Fitting et al (1986) found that women more often feel obliged to provide attention than men and have more difficulty in coping with the dependency of these dementing comparative. What appeared to have been the last straw for Scots partner was when he started squatting in sides and urinating on to the floor. Scot started out to gradually have less interest inside and outside home, which is highlighted by intellectual, mental and memory disturbances of dementia ( Dexter et al, (1999). The deterioration again led him to becoming absent- minded, forgetting visits, forgetting about his dishes and forgetting things he has left inside your home. It further progressed to extreme cases where he would recall past incidents of his vibrant days however, not about the recent happenings. He would also get up in the center of the night wandering throughout the house, which resulted in many comes and incidents to himself. This major storage area disturbance led to manifestation of misunderstandings influencing his daily framework and routine of life.
On this current admission his care and attention plan was developed to meet his must keep on activities of daily living. Because of his state of mind at that time his examination was done in discussion with his better half which highlighted four main regions of concern, specifically his personal cleanliness, nutritional intake, protected climate and sleeping (Roper et al, 1996). The degree of Scots safety was assessed credited to his potential risk of falling and leading to injury to himself. In relation to sleeping, it was recognized that he has unstructured and lesser sleep patterns which really is a contributing factor to his restless and agitations throughout the day. He also offers difficulty in hearing. All the recognized needs of scot were integrated into his treatment plan strategy and the appropriate interventions were taken.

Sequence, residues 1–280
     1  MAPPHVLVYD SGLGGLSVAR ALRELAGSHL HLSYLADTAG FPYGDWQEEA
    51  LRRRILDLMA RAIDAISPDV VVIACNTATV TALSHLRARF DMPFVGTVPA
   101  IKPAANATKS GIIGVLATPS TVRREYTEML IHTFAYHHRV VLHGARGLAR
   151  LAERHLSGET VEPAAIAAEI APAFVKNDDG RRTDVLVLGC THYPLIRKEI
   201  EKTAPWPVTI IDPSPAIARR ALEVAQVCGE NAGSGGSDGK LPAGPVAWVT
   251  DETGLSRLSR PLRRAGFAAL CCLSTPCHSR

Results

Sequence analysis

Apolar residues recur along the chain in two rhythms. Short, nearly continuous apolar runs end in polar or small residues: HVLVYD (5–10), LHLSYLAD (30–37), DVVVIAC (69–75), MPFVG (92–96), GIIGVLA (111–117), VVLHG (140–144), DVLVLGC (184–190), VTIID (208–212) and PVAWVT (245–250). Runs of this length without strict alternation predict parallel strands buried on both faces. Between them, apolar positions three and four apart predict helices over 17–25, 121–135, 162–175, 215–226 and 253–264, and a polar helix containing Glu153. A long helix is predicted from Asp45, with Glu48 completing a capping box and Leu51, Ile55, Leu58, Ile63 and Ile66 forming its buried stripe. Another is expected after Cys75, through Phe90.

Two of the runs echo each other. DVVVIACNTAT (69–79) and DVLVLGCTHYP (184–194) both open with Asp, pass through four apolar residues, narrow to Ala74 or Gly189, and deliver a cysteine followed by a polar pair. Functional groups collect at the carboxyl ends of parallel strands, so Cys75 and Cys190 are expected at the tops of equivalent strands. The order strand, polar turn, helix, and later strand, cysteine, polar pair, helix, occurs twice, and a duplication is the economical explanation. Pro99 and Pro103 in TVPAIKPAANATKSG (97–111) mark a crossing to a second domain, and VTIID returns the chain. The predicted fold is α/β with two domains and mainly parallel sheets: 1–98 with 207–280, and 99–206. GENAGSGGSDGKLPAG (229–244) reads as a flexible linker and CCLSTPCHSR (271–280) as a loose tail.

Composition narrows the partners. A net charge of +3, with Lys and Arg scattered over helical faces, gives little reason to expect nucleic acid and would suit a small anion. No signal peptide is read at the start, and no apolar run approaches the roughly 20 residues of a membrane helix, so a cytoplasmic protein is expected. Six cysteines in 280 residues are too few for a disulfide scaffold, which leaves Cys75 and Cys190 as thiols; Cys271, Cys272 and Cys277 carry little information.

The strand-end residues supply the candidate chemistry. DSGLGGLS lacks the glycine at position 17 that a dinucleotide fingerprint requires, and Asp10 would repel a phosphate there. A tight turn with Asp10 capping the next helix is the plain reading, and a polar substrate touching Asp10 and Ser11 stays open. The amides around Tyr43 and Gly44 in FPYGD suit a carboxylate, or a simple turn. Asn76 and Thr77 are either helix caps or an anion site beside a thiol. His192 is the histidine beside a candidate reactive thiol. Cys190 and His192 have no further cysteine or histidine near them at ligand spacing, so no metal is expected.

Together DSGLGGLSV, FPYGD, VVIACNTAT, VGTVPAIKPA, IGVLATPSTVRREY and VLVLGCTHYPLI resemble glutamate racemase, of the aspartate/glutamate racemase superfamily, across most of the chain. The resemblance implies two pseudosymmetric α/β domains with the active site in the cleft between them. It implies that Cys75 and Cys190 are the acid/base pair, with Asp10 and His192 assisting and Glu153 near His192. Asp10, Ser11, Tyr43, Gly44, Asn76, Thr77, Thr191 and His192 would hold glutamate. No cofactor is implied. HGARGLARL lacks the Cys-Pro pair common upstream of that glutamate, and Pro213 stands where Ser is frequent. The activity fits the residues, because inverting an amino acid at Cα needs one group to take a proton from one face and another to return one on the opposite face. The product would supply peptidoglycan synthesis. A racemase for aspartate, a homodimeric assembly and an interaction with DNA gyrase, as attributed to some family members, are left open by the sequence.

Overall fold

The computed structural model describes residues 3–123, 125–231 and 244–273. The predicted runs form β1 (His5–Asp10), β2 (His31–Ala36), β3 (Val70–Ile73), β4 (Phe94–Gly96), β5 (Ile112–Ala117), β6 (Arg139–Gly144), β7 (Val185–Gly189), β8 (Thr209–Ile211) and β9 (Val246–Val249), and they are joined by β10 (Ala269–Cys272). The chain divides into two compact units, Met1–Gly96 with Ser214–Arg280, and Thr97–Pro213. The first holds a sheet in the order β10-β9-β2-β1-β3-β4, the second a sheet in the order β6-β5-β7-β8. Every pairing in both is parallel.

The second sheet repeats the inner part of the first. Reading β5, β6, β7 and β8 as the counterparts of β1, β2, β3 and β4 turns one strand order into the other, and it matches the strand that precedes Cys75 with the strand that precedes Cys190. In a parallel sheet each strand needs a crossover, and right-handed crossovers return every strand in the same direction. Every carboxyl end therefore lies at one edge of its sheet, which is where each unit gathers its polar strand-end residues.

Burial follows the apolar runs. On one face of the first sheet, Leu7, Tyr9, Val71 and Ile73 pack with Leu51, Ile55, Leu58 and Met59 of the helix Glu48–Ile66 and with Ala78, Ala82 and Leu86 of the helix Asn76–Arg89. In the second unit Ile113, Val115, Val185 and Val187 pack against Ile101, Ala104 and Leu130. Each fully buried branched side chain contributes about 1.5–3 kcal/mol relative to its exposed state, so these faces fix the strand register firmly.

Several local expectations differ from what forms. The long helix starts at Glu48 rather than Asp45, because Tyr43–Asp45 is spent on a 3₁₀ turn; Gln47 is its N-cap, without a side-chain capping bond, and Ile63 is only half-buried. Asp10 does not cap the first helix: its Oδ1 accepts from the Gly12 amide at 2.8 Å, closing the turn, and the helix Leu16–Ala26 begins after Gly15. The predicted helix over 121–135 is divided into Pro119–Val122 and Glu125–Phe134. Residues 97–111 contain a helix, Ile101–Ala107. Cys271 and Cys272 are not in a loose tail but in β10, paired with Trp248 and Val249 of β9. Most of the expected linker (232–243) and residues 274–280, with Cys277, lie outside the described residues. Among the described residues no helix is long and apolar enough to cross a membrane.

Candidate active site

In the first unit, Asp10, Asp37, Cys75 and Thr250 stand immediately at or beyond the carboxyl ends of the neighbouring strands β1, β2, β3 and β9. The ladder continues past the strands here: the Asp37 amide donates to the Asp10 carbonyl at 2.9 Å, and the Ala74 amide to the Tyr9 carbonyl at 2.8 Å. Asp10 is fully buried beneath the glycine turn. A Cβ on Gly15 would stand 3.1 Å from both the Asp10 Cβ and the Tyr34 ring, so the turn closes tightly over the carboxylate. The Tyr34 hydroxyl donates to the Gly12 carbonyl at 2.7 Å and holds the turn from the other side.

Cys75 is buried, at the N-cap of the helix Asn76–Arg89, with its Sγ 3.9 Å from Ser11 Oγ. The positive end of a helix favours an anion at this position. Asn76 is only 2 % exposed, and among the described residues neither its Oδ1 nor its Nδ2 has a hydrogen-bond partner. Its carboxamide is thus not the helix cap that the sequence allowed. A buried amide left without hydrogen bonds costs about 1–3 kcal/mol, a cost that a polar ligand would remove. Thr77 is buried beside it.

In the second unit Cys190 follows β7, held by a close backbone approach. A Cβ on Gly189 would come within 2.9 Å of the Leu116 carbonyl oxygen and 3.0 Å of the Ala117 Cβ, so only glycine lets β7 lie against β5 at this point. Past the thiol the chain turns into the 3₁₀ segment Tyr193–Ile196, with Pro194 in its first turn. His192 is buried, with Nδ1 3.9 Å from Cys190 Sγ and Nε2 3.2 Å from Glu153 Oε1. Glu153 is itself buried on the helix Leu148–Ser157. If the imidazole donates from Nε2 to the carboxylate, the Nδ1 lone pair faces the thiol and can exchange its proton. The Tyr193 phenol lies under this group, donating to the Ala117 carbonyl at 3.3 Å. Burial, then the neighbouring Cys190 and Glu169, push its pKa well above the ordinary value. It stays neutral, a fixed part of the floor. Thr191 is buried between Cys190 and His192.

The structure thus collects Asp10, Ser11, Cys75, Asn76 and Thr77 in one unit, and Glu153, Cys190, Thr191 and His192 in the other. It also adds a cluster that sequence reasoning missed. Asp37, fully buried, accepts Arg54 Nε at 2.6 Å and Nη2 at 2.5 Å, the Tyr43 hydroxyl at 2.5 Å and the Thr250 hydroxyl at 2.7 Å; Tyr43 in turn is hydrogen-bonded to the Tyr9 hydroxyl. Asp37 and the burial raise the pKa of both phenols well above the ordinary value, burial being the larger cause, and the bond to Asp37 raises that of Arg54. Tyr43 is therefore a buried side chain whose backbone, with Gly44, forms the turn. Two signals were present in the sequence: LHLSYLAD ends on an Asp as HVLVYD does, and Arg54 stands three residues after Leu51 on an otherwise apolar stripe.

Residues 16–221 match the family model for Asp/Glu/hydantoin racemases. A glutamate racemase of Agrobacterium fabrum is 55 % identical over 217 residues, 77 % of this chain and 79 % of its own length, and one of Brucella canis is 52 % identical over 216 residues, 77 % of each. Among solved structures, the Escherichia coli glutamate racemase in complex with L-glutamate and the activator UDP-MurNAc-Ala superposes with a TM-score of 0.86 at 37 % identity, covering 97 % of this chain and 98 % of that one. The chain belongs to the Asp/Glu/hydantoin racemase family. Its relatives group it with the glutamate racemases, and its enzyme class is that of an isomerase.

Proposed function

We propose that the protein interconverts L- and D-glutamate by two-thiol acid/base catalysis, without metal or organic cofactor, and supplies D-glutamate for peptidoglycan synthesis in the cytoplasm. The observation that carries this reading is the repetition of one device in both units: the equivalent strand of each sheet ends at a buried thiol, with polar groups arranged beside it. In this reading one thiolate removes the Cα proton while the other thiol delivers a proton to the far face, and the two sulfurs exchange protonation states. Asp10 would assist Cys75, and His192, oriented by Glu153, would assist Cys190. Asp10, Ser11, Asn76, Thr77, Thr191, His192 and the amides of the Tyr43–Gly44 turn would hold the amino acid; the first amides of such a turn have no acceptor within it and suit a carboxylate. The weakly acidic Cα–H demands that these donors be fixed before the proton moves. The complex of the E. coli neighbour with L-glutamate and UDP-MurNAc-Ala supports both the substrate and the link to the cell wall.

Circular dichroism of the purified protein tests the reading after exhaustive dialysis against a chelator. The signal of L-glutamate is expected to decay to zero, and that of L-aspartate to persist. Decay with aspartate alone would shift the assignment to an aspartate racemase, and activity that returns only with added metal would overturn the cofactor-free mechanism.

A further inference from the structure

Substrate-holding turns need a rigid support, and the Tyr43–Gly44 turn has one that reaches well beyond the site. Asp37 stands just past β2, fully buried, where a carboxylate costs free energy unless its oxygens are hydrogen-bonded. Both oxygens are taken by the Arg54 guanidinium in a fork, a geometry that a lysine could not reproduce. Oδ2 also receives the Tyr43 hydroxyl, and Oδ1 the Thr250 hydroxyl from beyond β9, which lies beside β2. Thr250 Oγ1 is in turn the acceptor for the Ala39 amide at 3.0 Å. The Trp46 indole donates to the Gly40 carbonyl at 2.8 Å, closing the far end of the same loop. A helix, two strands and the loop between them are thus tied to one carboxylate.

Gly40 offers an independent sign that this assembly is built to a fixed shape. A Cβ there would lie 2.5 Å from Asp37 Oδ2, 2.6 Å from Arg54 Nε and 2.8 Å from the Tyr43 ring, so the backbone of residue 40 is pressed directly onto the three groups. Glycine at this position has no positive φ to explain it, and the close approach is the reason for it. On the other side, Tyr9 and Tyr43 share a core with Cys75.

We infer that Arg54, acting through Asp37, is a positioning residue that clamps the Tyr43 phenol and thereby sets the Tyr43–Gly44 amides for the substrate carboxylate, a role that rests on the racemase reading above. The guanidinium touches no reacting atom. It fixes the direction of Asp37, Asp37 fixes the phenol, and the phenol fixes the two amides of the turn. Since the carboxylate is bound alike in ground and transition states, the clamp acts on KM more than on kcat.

The care and attention plan was for scot to be given one to one counselling consultations every day and encouraged to go over subject areas related to simple fact such as current affairs, his family, home life or communal life. The rationale for this action is supported by Schultz and Videbeck (2002), who assert that knowledge of, and rely upon workers can decrease a client's doubts and suspicions, resulting in decreases anxiety. Talking about familiar issues also stimulates patients to keep up contact with real life and their place in it (Stuart and Laraia, 1998). He's to be checked on his medication and a state of mind for him to maintain optimum level of physical and mental well-being. This was to add exercise, sociable group activities and a good balance of substance and diet. He was also to be motivated and take part in social activities during the day to help him have adequate sleep at night time. It had been also included that Scot should be on major observation to ensure his security on the ward.